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    Maybe I'm not figuring this right but it seems to me if they've found an early "A" - A00, that goes back so far before the species, then possibly all they have found it the paternal line in the precursor species (Homo heidelbergensis or some other 'step'). This then hardly speaks to multiregional origins, just as any minor included Neandertal or Denisovan DNA in the Homo sapiens genome only represents interactions between the species. I'm sure if we could determine human genomes over the last million years that we would find admixtures of Homo erectus in more recent species.

    As for the use of fire, it's no big deal when it was Homo erectus who first controlled it.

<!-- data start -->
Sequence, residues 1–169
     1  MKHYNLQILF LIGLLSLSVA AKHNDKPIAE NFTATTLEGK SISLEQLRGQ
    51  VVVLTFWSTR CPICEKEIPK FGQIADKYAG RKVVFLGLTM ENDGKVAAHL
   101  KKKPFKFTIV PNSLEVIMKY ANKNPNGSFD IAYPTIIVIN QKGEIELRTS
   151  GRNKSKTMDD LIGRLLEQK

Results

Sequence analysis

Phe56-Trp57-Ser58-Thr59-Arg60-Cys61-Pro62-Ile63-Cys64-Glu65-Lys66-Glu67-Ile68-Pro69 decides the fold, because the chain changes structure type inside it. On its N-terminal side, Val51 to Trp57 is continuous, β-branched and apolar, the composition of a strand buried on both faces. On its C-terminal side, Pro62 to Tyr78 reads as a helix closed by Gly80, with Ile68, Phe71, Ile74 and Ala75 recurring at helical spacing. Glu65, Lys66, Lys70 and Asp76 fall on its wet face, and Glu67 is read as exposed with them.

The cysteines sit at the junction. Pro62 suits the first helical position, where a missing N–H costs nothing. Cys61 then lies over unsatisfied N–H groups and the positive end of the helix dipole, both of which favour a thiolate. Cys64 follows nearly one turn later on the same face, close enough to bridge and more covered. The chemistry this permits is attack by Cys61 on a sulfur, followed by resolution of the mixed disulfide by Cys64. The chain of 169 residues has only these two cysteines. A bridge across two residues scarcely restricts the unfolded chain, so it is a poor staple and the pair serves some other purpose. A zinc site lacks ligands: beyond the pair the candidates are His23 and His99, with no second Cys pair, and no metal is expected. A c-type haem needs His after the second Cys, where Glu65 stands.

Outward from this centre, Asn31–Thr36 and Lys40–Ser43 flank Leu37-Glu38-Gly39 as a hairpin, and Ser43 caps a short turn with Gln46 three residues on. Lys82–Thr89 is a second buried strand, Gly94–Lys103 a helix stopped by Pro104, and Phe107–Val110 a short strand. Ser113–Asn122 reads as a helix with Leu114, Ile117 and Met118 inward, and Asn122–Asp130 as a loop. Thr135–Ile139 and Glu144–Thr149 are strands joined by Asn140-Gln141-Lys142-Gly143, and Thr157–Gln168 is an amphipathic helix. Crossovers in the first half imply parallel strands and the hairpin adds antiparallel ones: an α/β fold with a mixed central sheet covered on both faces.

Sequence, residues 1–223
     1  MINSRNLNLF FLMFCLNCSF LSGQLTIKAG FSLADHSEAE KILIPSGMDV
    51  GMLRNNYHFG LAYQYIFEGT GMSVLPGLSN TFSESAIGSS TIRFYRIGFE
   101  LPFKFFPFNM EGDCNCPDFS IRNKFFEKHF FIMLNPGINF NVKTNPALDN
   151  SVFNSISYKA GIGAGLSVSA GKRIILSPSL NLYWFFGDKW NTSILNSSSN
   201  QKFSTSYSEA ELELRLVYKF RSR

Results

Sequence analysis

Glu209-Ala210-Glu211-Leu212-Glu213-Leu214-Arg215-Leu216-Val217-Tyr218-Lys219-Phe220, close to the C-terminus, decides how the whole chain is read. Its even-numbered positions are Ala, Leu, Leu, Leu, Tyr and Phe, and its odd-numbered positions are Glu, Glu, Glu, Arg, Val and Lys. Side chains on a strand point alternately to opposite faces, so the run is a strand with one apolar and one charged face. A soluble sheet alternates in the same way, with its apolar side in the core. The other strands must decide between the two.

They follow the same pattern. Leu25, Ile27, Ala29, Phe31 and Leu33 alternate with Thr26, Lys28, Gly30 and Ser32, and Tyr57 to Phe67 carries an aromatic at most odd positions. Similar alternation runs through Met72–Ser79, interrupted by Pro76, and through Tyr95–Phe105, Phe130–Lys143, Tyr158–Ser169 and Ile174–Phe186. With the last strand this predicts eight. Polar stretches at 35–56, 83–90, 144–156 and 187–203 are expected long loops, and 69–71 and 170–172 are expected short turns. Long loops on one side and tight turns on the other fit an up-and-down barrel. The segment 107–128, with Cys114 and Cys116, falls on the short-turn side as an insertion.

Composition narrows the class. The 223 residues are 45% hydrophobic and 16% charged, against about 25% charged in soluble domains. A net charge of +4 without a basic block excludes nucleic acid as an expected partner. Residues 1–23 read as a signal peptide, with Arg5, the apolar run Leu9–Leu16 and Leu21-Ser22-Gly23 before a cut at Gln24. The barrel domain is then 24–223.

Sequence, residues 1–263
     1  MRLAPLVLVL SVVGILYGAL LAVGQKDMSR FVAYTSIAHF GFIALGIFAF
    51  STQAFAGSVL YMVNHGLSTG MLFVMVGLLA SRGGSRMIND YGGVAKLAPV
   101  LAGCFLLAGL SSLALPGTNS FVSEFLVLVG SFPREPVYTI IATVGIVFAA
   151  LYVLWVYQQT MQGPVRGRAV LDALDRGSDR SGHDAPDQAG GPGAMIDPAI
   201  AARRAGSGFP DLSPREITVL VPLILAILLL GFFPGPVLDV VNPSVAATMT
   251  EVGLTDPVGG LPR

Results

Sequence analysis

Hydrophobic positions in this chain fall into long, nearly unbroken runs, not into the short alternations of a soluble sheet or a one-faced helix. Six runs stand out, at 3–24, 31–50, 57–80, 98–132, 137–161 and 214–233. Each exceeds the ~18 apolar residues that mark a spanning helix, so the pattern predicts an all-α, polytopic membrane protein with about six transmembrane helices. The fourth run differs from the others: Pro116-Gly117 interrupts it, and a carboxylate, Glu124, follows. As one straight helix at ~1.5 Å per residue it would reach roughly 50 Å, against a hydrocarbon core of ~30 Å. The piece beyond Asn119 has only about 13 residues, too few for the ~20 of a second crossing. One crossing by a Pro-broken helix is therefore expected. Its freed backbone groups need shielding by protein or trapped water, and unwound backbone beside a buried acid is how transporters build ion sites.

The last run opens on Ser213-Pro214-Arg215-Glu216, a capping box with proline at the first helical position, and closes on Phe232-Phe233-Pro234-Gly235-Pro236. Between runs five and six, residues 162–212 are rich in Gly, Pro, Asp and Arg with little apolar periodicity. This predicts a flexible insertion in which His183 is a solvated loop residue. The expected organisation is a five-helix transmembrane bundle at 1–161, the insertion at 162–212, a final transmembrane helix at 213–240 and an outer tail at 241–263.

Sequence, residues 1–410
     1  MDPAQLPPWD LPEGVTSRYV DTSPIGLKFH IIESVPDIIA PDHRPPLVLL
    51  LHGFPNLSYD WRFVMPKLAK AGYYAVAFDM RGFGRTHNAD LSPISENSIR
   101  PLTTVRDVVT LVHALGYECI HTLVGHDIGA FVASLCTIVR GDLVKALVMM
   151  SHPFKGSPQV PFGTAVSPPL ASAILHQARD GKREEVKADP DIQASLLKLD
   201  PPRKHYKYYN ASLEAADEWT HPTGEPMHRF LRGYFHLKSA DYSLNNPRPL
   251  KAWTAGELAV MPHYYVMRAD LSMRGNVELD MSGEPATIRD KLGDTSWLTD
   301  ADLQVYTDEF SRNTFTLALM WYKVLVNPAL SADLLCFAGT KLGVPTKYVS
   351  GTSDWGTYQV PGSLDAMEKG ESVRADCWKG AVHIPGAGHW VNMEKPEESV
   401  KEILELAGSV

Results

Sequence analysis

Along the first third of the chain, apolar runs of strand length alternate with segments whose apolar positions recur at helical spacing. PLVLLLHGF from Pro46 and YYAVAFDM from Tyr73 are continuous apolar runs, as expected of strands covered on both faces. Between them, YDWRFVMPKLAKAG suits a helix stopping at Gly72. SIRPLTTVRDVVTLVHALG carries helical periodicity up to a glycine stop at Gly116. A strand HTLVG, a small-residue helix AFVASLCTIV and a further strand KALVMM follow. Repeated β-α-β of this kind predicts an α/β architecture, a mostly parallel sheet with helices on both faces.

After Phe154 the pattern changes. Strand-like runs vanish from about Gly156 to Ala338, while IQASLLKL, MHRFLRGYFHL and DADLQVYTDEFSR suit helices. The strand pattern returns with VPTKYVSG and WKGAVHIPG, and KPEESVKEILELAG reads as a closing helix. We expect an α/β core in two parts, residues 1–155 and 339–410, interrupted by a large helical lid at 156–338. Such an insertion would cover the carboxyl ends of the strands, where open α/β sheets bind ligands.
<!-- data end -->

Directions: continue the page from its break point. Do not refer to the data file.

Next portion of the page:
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    I'm surprised how many people use the words monkey or ape, talking about erectus, heiderbergensis or so, when its belongs to Homo genre. They were hominids.

    A fresh new. Hominid from Orce, Spain, dated in 1.400.000 years:

    http://www.iphes.cat/files/en_dent_humana_orce.pdf

    http://www.independent.co.uk/travel/...n-8518514.html

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    Quote Originally Posted by Lynn View Post
    Maybe I'm not figuring this right but it seems to me if they've found an early "A" - A00, that goes back so far before the species, then possibly all they have found it the paternal line in the precursor species (Homo heidelbergensis or some other 'step'). This then hardly speaks to multiregional origins, just as any minor included Neandertal or Denisovan DNA in the Homo sapiens genome only represents interactions between the species. I'm sure if we could determine human genomes over the last million years that we would find admixtures of Homo erectus in more recent species.